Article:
The Story of The 128th Open
“Jean should have won. No disrespect, I’m glad he did what he did. I can’t explain it but I had a feeling someone could come through who wasn’t supposed to.”
Those were the words of Paul Lawrie, who remarkably came from ten shots behind to overhaul Jean Van de Velde and win The Open at Carnoustie in the most dramatic of circumstances. From the iconic image of a bare-footed Van de Velde clambering into the Barry Burn to try and play his ball, to local hero Lawrie’s playoff triumph – The 128th Open will go down as one of the most dramatic of all-time.
It had been 24 years since The Open last came to Carnoustie and the famous Championship Course certainly didn’t disappoint – creating the sort of drama that had rarely been seen in the previous 127 occasions. Narrow fairways and thick rough caused havoc in the wind, as demonstrated by the fact that not a single player shot under-par on Thursday and first-round leader Rod Pampling remarkably missed the cut after an 86 the next day.
And that’s when Van de Velde – looking to become only the second Frenchman to lift the Claret Jug after Arnaud Massy in 1907 – stepped up, carding two of the most impressive rounds of the week. A second-day 68, followed by a Saturday 70 negated any damage done by his opening 75, to leave him even par for the Championship through 54 holes.
Perhaps not that impressive on paper but it ensured the 33-year-old was five strokes clear of his nearest contenders – American Justin Leonard, the 1997 Champion Golfer, and Craig Parry of Australia – heading into the final day.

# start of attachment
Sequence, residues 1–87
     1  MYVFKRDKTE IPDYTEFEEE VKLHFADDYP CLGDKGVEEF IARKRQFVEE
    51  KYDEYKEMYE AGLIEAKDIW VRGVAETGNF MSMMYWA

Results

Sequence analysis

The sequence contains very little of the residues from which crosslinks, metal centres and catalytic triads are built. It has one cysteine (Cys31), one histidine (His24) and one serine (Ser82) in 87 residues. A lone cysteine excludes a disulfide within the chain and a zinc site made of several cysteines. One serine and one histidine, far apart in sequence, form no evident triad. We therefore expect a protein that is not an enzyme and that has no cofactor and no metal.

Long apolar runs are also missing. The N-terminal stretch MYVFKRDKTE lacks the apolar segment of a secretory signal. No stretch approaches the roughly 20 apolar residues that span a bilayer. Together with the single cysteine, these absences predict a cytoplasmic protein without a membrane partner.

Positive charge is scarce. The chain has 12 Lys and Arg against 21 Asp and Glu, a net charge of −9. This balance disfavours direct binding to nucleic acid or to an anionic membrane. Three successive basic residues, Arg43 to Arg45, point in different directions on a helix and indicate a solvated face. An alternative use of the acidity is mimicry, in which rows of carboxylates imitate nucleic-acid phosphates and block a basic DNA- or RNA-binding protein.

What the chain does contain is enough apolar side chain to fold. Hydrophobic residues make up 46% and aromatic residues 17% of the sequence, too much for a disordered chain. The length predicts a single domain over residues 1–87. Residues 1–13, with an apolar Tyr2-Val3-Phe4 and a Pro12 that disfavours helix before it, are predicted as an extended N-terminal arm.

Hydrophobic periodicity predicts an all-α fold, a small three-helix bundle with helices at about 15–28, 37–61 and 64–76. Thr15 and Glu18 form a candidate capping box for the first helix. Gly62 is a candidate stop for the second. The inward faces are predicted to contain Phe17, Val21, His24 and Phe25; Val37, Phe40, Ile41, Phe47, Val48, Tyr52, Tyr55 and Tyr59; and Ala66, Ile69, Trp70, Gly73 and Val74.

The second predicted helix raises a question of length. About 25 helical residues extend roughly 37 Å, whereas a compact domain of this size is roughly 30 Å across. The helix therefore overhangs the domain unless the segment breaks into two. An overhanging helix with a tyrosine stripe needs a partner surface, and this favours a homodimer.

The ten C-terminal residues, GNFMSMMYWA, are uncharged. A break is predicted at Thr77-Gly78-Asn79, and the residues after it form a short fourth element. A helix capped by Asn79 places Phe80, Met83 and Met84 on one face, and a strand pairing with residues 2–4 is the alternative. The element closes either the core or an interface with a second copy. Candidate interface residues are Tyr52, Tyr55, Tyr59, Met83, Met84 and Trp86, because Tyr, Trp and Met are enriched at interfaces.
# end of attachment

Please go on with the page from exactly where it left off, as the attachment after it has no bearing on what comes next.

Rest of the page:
No man in major championship history had ever come from ten strokes behind in the final round to win an event and a 30-year-old from Aberdeen ranked 241st in the world seemed an unlikely candidate to change that fact. Scores of 73, 74 and 76 had left him at ten-over heading into Sunday but Lawrie carded a sublime 67 to take the clubhouse lead at six-over, although that was still six shots behind where van de Velde had started the day.
But the Frenchman was having his own struggles, three-over through 11 holes while Parry was on a roll – the Australian, three-under for the day putting him into the lead by a single stroke. However, Parry faded with double bogeys at 12 and 17 to ultimately miss out on the play-off by a shot, Argentina’s Angel Cabrera lipped out a birdie putt on the last to do likewise, while Leonard bogeyed 18 to join Lawrie in the clubhouse on six-over.
Van de Velde was battling, successfully getting up-and-down having missed the green on 15, 16 and 17 to give himself a seemingly insurmountable three-stroke lead heading up the last.
Knowing a double bogey on the par-four 18th would hand him the Claret Jug, Van de Velde pushed his drive far to the right – on to the 17th hole – but opted to try and reach the green with a two iron, rather than laying up. He caught his second shot cleanly but it bounced 50 yards backwards off the grandstand next to the 18th green and landed in the deep rough. He hacked his third out the deep rough and into the burn, creating the iconic image of removing his shoes and socks, rolling up his trousers and wading in after the ball – before ultimately opting to take a drop.
From there he pitched his fifth shot into the greenside bunker, chipped to eight feet with his sixth and, incredibly, produced a nerveless putt to at least card a 77 and force his way into the four-hole aggregate play-off with Lawrie and Leonard.
Lawrie led by a stroke after three holes of the play-off and as the trio replayed the 18th, Leonard found the water, while Van de Velde found the rough and the Scot hit a four-iron to four feet to seal the Claret Jug with a birdie – a three-shot victory over the Frenchman and the American.
To his credit, a distraught Van de Velde was magnanimous in defeat, saying: “I made plenty of friends because a Scottish man won. But there’s worse things in life. You have to remember, putting in perspective, it’s a game… it’s a game. It’s not, you know, like life and death or whatever. It’s your name down on a trophy.”
Lawrie became the first Scottish-born player since Tommy Armour in 1931 to become Champion Golfer of the Year in Scotland and Hugh Campbell, chairman of The R&A Championship Committee, summed up one of the great Opens.
He said: “There was triumph, tragedy, romance, farce, pathos and controversy.”